Film Review: Bhagam Bhag

Film: Bhagam Bhag 

Producer: Shree Ashtavinayak Cine Vision Ltd and Popcorn Motion Pictures Pvt Ltd.

Director: Priyadarshan

Cast: Akshay Kumar, Govinda, Paresh Rawal, Lara Dutta, Rajpal Yadav, Jackie Shroff, Arbaaz Khan 

Rating: 3.5/5

India’s very own Dumb and Dumber Bunty (Akshay Kumar) and Babla (Govinda) are two stage actors who’ve been entrusted upon the job of finding a heroine. 

In London for a performance, their director the affable Champak Seth (Paresh Rawal) has told them that whoever will source a heroine will be the hero of the play. The two trouble-prone buffoons are loose on the streets of London, and befriend an Indian driver Gullu (Rajpal Yadav). They chance upon a pretty girl Munni (Lara Dutta) who seems insistent on giving up her life, and offer her the role. But things are not what they seem and the two, along with Seth delve deeper and deeper into trouble. 

True to its name, the film has lots of bhagam bhag and the most original comic gags you’d have seen in a long time.  As is the case with most comedies in the past year or so, there are multiple plots running simultaneously, a host of misunderstandings multiplying the confusion and a climax that has all the characters confess in monologues, piecing the jigsaw puzzle together. What’s more interesting about Bhagam Bhag is that the plots are all innovative, the confusion is hilarious and the second half even sees a murder mystery insinuate its way into the story. 

There are scenes that undoubtedly make you reminiscence the cult classic Jaane Bhi Do  Yaaron – the stage as a setting, a dead body, and villains that are more bumbling idiots than anything else. 

One sore point though – one truly wishes such comedies would just leave women alone. Right in the middle of some genuine humour are unnecessary sexist jokes like – `Tu agar ladki ko izzat dega, to who tujhe apni izzat degi’. And of course the other staple – countless jokes revolving around the toilet.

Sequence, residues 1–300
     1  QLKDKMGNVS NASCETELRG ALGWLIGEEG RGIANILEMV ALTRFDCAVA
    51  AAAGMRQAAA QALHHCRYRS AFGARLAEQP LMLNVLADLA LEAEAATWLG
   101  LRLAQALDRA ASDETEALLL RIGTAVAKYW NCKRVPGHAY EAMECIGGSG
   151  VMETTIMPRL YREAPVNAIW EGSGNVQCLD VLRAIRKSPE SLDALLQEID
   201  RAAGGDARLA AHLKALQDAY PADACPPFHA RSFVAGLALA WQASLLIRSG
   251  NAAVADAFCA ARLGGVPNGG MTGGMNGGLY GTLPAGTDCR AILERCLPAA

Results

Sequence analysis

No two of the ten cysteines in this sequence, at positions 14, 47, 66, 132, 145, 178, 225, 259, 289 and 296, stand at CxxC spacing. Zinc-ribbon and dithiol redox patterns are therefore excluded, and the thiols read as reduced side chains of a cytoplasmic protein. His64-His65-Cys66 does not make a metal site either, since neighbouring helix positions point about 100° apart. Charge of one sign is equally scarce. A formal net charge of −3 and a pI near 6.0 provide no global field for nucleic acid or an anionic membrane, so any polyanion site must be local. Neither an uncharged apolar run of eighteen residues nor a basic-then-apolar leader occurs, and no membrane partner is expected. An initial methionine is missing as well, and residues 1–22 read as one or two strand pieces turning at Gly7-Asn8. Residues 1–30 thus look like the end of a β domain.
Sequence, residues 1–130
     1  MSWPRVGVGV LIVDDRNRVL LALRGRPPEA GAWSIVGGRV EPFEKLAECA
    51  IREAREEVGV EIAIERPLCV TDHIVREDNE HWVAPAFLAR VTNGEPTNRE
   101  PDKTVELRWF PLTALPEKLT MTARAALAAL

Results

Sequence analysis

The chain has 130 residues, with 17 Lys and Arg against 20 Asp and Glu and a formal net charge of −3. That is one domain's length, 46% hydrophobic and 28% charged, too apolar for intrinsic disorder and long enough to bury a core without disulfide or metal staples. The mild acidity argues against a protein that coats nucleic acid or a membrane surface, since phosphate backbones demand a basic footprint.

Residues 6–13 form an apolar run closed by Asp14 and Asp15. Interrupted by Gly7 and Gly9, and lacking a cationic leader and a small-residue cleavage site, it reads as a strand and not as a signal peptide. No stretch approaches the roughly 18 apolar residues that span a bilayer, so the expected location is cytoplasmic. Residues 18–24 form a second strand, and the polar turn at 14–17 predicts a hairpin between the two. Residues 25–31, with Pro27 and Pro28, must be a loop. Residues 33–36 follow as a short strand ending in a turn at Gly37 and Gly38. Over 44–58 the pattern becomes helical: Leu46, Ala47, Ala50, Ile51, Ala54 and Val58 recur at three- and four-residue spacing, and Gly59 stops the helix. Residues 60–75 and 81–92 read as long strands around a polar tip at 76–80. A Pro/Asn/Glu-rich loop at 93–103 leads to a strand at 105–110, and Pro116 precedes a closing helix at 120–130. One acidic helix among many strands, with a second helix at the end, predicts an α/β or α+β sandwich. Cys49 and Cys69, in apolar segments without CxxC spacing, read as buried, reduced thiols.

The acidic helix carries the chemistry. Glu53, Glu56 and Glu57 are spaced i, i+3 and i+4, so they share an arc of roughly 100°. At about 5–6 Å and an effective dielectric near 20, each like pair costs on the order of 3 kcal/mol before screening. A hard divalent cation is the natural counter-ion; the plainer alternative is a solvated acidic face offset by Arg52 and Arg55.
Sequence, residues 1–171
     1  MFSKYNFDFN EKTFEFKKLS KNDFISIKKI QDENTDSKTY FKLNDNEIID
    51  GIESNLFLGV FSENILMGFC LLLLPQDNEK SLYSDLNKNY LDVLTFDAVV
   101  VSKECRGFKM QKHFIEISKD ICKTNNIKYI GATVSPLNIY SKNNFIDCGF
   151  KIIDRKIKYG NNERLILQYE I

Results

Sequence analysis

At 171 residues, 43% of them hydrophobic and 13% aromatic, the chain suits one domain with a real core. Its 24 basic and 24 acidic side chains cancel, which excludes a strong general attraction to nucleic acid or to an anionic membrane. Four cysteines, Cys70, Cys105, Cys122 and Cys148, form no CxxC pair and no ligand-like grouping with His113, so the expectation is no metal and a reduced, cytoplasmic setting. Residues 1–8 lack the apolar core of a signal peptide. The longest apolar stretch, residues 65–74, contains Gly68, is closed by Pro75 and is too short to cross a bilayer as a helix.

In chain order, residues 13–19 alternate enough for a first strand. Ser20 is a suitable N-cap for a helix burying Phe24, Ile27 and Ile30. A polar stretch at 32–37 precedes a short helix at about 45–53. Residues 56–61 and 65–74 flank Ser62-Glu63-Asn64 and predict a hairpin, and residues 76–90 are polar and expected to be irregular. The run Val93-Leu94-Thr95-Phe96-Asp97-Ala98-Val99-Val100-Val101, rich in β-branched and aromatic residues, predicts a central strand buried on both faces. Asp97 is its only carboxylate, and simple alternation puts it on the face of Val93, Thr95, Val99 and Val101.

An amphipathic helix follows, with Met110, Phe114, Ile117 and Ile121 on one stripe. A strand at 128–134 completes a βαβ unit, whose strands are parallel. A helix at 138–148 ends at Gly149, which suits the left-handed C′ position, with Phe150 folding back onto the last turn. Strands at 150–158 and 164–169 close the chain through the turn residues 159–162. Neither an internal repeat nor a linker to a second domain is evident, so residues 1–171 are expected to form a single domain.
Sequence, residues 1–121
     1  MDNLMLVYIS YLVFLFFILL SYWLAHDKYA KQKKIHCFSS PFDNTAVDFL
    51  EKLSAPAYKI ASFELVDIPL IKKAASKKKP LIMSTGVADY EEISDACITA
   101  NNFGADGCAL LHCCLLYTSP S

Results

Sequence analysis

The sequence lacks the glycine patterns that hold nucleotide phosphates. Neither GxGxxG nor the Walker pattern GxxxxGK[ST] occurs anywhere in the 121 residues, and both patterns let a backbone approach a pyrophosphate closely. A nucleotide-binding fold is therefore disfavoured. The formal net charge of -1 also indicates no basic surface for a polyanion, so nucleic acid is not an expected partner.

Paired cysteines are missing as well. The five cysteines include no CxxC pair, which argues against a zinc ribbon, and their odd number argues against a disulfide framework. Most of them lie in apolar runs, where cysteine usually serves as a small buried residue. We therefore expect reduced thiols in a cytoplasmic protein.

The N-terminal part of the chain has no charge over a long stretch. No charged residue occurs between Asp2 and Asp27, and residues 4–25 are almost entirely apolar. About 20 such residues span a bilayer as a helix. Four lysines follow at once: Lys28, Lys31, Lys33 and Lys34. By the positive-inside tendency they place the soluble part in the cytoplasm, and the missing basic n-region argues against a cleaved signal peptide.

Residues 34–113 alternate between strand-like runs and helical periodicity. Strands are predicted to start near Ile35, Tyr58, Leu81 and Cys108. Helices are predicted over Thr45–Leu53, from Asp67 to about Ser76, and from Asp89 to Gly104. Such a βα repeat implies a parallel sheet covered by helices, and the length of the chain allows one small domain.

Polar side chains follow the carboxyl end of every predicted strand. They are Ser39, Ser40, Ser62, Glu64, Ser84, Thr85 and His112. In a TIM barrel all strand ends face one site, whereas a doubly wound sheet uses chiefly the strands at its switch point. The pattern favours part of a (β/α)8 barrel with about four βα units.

The songs by Pritam are fairly hummable, though not memorable. The background score adds to the fun. Cinematography by Jeeva is top notch, and so is the editing by Gopal Kishore and Arun Kumar. The second half could have benefited with a few minutes of trimming though. 

Priyadarshan despite making one comedy after the other (Hera Pheri, Malaamal Weekly, Garam Masala) has not jaded, in fact has only shown great interest in working the genre to its maximum effect. All the actors here are in top form. Govinda as Babla, the dumber of the two, is happy to play second fiddle to Akshay Kumar and concentrates on getting his act right. Lovable as the simpleton stage actor who’s always dominated by a more educated Bunty, Govinda is first rate. Yes, he does look older than the last time you saw him on screen, but his performance makes up for it.  

Paresh Rawal doesn’t have that much to do here, but is imminently watchable as the theatre director, forming the troubled trio. Akshay Kumar deserves special mention as he effortlessly carries the film on his shoulders. His comic timing is impeccable, right from his deadpan dialogue delivery to his hilarious gestures, and he manages this without going over-the-top.  Again, a film won’t really work, if the actors, however accomplished, have zero chemistry between them. In Bhagam Bhag, the three work together extremely well, completing each other’s timing to the spot. 

One of the more difficult genres to make, a comedy to work, has to have clean writing, direction, performances, editing and technique. This film has it all. Enjoy this raucous comedy and be ready to fall off your chair. Even the most cynical watcher won’t be able to stifle a laugh.

Sonia Chopra

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